Updates to Germany's computer crime laws banning so-called "hacking tools" have been criticised as ill-considered and counterproductive.
The revamp to the German criminal code is designed to tighten definitions, making denial of service attacks and attempts to sniff data on third-party wireless networks, for example, clearly criminal. Attacks would be punishable by a fine and up to 10 years imprisonment.
Previously, only attacks against companies and government organisations were indictable offences. The regulations, passed last week, also make it illegal for unauthorised users to bypass computer security protection to access secure data.
Under these provision it becomes an offense to create, use or distribute so-called "hacking tools".
Critics point out that many of these tools are used by system administrators and security consultants quite legitimately to probe for vulnerabilities in corporate systems.
The distinctions between, for example, a password cracker and a password recovery tool, or a utility designed to run denial of service attacks and one designed to stress-test a network, are not properly covered in the legislation, critics argue. Taken as read, the law might even even make use of data recovery software to bypass file access permissions and gain access to deleted data potentially illegal.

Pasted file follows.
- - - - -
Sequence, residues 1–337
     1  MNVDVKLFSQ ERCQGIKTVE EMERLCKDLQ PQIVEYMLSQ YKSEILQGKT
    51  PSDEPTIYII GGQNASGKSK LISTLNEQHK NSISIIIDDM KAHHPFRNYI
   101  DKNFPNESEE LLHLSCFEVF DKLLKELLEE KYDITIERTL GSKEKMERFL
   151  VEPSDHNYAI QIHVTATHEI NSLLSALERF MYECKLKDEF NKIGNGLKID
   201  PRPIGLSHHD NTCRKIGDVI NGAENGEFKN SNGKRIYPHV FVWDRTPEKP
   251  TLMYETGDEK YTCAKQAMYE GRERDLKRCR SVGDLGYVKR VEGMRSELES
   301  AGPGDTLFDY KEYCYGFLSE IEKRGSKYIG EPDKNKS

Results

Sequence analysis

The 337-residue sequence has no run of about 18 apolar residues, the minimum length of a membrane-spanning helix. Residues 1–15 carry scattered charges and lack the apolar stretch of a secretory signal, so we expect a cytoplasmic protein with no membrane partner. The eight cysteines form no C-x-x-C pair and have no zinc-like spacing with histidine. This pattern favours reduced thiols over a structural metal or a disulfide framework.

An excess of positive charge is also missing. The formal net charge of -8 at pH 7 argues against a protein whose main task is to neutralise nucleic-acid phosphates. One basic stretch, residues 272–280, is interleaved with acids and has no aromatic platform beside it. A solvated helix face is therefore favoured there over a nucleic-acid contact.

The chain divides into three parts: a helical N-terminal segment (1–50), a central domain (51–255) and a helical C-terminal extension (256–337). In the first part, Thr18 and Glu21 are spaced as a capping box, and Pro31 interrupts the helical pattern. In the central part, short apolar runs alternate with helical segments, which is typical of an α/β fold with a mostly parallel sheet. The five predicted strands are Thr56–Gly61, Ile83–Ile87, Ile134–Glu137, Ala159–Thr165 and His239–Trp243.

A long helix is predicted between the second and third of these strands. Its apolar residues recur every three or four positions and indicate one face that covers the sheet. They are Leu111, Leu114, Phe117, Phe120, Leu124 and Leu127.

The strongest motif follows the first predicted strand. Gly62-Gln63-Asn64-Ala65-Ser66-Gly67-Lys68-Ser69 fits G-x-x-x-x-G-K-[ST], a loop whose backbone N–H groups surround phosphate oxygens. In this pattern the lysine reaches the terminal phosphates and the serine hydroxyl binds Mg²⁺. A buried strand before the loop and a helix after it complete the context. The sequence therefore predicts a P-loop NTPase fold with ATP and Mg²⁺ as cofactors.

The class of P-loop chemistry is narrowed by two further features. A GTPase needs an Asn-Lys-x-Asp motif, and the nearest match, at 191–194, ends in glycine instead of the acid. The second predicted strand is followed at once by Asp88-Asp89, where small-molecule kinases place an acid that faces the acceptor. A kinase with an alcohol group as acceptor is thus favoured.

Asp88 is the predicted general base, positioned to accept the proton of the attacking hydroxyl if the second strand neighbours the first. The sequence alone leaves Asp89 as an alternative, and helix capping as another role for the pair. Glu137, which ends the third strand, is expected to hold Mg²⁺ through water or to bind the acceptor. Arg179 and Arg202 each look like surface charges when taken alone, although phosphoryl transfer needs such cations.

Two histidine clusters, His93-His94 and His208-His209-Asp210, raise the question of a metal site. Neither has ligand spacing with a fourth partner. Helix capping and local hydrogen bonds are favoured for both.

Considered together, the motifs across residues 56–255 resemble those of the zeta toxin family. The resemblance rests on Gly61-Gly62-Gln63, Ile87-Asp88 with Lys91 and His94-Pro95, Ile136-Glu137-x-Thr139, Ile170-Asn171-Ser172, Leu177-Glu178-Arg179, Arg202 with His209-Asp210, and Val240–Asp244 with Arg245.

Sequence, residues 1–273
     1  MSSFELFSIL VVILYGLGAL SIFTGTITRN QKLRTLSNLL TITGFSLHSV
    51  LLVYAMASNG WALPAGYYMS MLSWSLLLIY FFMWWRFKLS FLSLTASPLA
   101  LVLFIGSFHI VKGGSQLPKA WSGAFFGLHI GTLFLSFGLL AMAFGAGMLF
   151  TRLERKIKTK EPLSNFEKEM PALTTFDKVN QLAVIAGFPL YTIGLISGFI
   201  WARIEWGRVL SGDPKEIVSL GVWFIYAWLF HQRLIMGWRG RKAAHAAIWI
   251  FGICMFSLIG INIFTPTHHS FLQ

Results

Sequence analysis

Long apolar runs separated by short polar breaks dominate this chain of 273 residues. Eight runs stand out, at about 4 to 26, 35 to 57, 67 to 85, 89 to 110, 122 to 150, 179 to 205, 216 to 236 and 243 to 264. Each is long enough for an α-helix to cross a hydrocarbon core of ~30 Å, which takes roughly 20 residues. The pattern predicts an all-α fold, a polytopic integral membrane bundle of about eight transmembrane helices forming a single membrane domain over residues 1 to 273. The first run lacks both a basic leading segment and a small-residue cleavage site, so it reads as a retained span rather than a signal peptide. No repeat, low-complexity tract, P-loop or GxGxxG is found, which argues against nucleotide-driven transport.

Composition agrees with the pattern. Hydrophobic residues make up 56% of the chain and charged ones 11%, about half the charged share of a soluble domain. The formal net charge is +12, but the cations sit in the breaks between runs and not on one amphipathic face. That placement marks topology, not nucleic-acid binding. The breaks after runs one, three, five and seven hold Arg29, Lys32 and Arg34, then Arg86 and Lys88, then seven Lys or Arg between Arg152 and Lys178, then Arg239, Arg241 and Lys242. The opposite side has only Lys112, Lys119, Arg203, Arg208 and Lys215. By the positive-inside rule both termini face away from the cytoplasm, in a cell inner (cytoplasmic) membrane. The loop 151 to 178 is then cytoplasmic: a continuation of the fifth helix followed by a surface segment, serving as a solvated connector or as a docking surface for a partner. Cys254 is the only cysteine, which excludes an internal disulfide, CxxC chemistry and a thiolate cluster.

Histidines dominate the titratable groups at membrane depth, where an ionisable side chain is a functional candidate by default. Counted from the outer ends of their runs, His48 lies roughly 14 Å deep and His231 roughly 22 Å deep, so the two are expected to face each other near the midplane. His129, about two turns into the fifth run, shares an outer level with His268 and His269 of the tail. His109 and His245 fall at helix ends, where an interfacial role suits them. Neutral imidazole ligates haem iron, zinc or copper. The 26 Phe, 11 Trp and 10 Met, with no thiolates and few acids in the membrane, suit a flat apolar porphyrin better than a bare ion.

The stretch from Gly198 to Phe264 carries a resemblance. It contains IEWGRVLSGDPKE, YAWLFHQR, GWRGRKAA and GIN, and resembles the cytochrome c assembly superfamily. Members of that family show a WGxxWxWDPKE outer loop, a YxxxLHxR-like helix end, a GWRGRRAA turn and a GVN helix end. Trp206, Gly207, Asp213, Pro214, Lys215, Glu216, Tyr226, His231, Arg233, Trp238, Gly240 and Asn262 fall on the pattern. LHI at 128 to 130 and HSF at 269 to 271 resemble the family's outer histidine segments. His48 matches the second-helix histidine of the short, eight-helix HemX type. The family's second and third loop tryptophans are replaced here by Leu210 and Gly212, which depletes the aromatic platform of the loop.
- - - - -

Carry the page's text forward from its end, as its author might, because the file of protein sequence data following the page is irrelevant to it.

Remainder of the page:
"Forbidding this software is about as helpful as forbidding the sale and production of hammers because sometimes they also cause damage," Chaos Computer Club spokesman Andy Müller-Maguhn told Ars Technica. "Safety research can [now] take place only in an unacceptable legal gray area."
While making life more difficult for security consultants and sys admins, the new laws will, paradoxically, make it easier for police to use hacking tactics in gathering intelligence on suspects. The practice - declared verboten by German courts earlier this year - could be reinstated under the new laws, according to Müller-Maguhn.